Following the death of Simeon I of Bulgaria, Byzantium no longer needed Croatia's military support and repealed its alliance. Previously, Byzantium relied heavily on the Croats to threaten Symeon from the west. Despite the achievements of King Tomislav in halting Bulgaria's expansion, Byzantium reversed Croatia's supremacy over the Theme of Dalmatia, which fell once again under its administration. However, Byzantine administration was nominal.
Trpimir's woes did not stop there. Pope Leo VI abolished the Diocese of Nin in 928 and transferred Bishop Grgur to Skradin, in what was seen as a humiliating defeat for pro-Slavic proponents in the long running dispute between the Split and Nin Bishoprics.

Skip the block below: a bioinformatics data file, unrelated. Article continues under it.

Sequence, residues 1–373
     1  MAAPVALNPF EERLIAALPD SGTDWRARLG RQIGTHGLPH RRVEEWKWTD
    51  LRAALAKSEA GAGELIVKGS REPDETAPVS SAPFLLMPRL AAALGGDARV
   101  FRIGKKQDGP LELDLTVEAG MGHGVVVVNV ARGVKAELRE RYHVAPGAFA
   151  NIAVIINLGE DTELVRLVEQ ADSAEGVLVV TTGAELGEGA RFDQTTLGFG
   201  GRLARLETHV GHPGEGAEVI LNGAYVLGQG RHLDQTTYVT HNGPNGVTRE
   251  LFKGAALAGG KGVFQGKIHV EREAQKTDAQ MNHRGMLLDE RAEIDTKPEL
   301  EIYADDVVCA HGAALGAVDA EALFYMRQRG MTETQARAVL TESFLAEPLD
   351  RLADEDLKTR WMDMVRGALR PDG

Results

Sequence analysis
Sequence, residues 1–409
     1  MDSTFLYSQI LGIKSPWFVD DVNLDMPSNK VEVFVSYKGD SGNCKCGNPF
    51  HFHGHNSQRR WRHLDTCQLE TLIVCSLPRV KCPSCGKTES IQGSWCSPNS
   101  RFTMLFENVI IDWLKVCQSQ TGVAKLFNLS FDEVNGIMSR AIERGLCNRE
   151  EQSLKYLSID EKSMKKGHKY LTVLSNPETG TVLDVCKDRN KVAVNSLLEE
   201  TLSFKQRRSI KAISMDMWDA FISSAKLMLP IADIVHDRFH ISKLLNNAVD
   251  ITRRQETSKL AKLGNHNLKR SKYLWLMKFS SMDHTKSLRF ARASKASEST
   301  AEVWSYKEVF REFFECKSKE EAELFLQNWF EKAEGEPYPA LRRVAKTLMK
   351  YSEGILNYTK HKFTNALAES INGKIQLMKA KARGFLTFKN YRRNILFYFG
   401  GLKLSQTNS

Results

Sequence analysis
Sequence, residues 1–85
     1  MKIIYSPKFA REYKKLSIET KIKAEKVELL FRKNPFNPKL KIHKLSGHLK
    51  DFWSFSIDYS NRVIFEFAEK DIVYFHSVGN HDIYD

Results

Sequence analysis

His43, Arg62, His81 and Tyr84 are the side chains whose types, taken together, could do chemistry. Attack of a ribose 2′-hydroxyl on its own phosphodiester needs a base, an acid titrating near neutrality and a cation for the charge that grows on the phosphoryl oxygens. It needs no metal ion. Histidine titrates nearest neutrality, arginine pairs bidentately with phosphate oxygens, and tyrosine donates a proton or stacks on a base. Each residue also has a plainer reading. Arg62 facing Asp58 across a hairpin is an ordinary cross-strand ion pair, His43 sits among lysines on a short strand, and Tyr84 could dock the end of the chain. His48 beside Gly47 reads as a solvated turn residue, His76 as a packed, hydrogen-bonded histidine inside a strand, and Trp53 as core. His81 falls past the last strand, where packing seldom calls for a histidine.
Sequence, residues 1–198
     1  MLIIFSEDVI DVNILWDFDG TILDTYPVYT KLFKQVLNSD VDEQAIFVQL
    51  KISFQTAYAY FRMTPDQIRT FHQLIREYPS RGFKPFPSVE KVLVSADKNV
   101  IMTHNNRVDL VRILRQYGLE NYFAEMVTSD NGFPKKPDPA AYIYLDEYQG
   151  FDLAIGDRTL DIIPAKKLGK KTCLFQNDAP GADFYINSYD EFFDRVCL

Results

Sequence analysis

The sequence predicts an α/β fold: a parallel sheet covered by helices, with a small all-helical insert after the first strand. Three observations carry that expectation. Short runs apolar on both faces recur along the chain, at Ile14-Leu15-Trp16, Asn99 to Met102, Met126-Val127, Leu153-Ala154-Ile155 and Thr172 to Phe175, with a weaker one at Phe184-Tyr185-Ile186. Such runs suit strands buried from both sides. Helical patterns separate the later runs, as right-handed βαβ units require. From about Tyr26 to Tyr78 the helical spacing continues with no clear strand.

Dzino, Danijel (2010). Becoming Slav, Becoming Croat: Identity Transformations in Post-Roman and Early Medieval Dalmatia. Brill. ISBN978-90-04-18646-0.
Fine (Jr), John V. A. (2006). When Ethnicity Did Not Matter in the Balkans: A Study of Identity in Pre-Nationalist Croatia, Dalmatia, and Slavonia in the Medieval and Early-Modern Periods. Ann Arbor: University of Michigan Press. ISBN978-0-472-11414-6.